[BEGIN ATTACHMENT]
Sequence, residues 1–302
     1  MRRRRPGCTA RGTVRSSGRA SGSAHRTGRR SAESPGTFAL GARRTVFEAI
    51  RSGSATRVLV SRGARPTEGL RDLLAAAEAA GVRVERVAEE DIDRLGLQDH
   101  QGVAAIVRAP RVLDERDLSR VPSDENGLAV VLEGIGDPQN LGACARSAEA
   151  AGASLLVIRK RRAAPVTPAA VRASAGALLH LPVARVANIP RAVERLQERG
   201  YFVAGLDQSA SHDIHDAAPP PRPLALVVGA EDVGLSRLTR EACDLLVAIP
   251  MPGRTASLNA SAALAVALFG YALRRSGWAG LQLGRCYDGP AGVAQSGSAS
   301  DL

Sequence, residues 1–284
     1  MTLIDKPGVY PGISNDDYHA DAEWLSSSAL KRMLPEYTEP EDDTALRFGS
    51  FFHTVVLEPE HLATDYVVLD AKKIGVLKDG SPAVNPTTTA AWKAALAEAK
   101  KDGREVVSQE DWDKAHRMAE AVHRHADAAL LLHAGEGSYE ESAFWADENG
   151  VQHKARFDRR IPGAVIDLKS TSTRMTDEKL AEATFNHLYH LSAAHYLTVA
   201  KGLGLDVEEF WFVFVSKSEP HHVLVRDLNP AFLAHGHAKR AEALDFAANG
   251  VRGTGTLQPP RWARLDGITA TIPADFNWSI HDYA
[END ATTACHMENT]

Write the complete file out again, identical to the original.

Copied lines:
Sequence, residues 1–302
     1  MRRRRPGCTA RGTVRSSGRA SGSAHRTGRR SAESPGTFAL GARRTVFEAI
    51  RSGSATRVLV SRGARPTEGL RDLLAAAEAA GVRVERVAEE DIDRLGLQDH
   101  QGVAAIVRAP RVLDERDLSR VPSDENGLAV VLEGIGDPQN LGACARSAEA
   151  AGASLLVIRK RRAAPVTPAA VRASAGALLH LPVARVANIP RAVERLQERG
   201  YFVAGLDQSA SHDIHDAAPP PRPLALVVGA EDVGLSRLTR EACDLLVAIP
   251  MPGRTASLNA SAALAVALFG YALRRSGWAG LQLGRCYDGP AGVAQSGSAS
   301  DL

Sequence, residues 1–284
     1  MTLIDKPGVY PGISNDDYHA DAEWLSSSAL KRMLPEYTEP EDDTALRFGS
    51  FFHTVVLEPE HLATDYVVLD AKKIGVLKDG SPAVNPTTTA AWKAALAEAK
   101  KDGREVVSQE DWDKAHRMAE AVHRHADAAL LLHAGEGSYE ESAFWADENG
   151  VQHKARFDRR IPGAVIDLKS TSTRMTDEKL AEATFNHLYH LSAAHYLTVA
   201  KGLGLDVEEF WFVFVSKSEP HHVLVRDLNP AFLAHGHAKR AEALDFAANG
   251  VRGTGTLQPP RWARLDGITA TIPADFNWSI HDYA